I asked today’s guest post author to help us out with a little research on all these different diets. I’ve shared a number of recipes from several, but never sufficiently explained how each differs from the other. I hope this helps you as much as it’s helped me!
by Lauri Larson
A number of popular diets abound these days, but which one is right for you, if any? How do we keep them straight? Which diet makes sense for you and your lifestyle?
Here are the facts on the ketogenic diet, the Whole30, Weight Watchers, South Beach, Atkins, and Paleolithic diets so you can decide for yourself.
Atkins diet is a low carb diet that recommends that no more than 20% of calories eaten while on the diet come from saturated fat. Like South Beach, Atkins emphasizes the importance of low glycemic index through whole, unprocessed foods like meats and low carb vegetables. Like Keto, your body is initially triggered to burn fat instead of carbs. Try making low carb donuts.
Pros: You can eat more food than on most diets with no calorie counting. Weight loss can be more significant on this diet than others. Snack bars and meal replacement shakes available from Atkins when you are on the go.
Cons: Counting net carbs can be tedious. Once you start eating carbs again, weight regain is likely. Decreased energy.
The Whole30 diet is a 30-day diet that places value on whole foods only, with the complete elimination of sugar, alcohol, grains, legumes, soy, and dairy. With more restrictions than the paleo diet, even natural sweeteners are not allowed.
Whole foods are defined as meat, nuts, seeds, seafood, eggs, vegetables, and fruits. After 30 days, you gradually work the forbidden foods back into your diet slowly and with moderation.
Pros: Helps to effectively change long-standing, unhealthy eating habits, along with long-term reduction of cravings for unhealthy foods.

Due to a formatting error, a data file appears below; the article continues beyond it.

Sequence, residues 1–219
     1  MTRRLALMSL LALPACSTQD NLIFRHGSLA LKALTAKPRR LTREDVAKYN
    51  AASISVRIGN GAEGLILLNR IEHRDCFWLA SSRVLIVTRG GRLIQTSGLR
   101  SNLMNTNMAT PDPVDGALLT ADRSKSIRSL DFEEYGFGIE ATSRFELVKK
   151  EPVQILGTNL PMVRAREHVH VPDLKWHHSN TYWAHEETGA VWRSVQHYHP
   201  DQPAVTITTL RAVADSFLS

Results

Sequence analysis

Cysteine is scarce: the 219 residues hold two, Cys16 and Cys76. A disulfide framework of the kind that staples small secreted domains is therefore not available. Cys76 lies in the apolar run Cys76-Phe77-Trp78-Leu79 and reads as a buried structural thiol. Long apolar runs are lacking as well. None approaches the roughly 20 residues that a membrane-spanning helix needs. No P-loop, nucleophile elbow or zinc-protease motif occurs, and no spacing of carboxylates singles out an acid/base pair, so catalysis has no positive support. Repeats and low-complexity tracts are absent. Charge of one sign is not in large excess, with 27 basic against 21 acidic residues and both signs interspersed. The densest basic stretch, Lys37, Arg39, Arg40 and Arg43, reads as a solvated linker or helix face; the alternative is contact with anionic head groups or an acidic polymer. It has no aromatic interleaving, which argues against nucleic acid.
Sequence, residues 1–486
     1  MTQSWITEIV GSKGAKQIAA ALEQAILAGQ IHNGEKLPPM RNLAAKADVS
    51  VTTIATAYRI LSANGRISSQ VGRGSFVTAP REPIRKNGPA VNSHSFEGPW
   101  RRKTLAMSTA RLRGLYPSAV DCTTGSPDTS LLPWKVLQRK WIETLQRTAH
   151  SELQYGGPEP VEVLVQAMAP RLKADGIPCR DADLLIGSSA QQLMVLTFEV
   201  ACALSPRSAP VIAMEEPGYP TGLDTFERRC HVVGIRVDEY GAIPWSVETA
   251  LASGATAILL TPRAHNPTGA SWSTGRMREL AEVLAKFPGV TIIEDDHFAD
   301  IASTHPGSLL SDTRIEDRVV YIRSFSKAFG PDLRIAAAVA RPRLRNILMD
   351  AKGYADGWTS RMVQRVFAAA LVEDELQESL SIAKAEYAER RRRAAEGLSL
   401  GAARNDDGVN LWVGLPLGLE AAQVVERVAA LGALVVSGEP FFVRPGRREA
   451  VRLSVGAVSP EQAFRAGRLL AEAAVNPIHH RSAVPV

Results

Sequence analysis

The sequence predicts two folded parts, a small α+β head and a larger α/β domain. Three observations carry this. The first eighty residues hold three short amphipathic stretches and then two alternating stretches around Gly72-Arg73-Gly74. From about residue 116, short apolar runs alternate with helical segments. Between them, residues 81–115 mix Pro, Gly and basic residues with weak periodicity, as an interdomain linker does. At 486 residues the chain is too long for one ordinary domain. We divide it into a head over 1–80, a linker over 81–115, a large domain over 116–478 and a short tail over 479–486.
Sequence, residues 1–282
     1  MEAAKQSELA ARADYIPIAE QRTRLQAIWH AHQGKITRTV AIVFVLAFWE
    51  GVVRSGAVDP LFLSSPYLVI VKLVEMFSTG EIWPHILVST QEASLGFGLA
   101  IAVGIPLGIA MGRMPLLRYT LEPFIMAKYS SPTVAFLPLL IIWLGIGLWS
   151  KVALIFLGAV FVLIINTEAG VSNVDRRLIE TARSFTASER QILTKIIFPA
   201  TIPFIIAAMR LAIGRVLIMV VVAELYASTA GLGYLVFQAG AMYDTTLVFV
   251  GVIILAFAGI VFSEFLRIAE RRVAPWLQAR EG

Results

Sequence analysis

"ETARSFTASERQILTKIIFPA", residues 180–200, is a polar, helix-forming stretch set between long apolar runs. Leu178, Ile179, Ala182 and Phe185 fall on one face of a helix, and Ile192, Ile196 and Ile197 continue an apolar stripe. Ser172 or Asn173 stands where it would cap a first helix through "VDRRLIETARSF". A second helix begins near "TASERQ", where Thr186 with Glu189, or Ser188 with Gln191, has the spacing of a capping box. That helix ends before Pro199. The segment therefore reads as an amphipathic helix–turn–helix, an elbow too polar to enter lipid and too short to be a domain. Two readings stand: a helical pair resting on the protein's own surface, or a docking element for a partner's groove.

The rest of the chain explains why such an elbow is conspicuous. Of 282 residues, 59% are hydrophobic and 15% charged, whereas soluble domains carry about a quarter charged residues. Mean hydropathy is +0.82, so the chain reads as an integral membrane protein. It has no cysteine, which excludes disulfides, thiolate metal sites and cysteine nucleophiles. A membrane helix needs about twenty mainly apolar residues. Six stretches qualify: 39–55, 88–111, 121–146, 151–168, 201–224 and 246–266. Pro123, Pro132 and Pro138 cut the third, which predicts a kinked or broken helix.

Cons: The diet can be considered too extreme. In 2017, it was ranked the worst diet out of 38 by U.S. News & World Report.
The “keto” diet is a high-fat, protein-oriented, low-carb diet that forces your body to burn fats instead of carbs. Similar to Atkins, the point is for you to consume more protein and fat and avoid any carb intake, including foods like sugar, soda, pastries, and white bread. See recipes for keto quiche or keto belgian waffles.
Pros: Can be used to treat epilepsy in children. May have anti-aging, anti-inflammatory, and cancer-fighting benefits.
Cons: Can cause a drastic reduction in energy and can cause sleeplessness. Is considered unsustainable by many.
Weight Watchers has been around since 1963, but it is still a prevailing diet of choice in America. It is a diet based on portion control according to a point system. Based on your current weight, age, and weight loss goals, you can only eat up to a certain, fixed number of points a day.
What you eat is not as important as how much you eat of it; however, something fattening costs you more points than for example, fruits and vegetables, which often score zero points. Drinking water and exercise are promoted and also accounted for in the point scoring system. The more active you are each day, the more points you are allowed.
Pros: The diet makes it easy to dine out, as points are assigned to a number of meals at various restaurants. In-person and remote support is offered to people on the diet. Good for vegetarians. No foods are forbidden.
Cons: The diet is expensive if you enroll with Weight Watchers. Weekly progress is slow. Counting points can be tedious.
This diet is a modified low-carb diet that emphasizes the consumption of protein and healthy fats, similar to keto and Atkins. However, it does not prohibit carbs or require you to measure them, but rather measures the “glycemic impact” of what you eat, which means any spike in blood glucose levels. See South Beach diet recipes.
Pros: Promotes long-term eating habits rich in healthy carbs and dietary fats that are good for your health. Reduces hunger. The diet itself is uncomplicated.
Cons: Maybe not enough structure to the diet itself. The first phase of the diet may be too restrictive for some people.
The paleo diet, or caveman diet, is based on a way of eating only what was available to humans during the paleolithic era. Even though there is wide interpretation of what it means to eat like a caveman, the diet largely consists of meat, fish, vegetables, fruit, roots, and nuts, where food like grains, legumes, dairy products, salt, refined sugar, and processed oils cannot be eaten. Learn how to best smoke meat and cook hard boiled eggs.
Pros: Promotes a clean diet without additives, preservatives, or chemicals. Diet may have anti-inflammatory benefits.
Cons: It is an expensive diet. Hard to follow if you are a vegetarian. Hard to eat out on this diet.
So there you have it – the lowdown on major trending diets. There are pros and cons of each diet, so it is up to you which diet you try, based on your own preferences, priorities, as well as which diet you think you can stick with.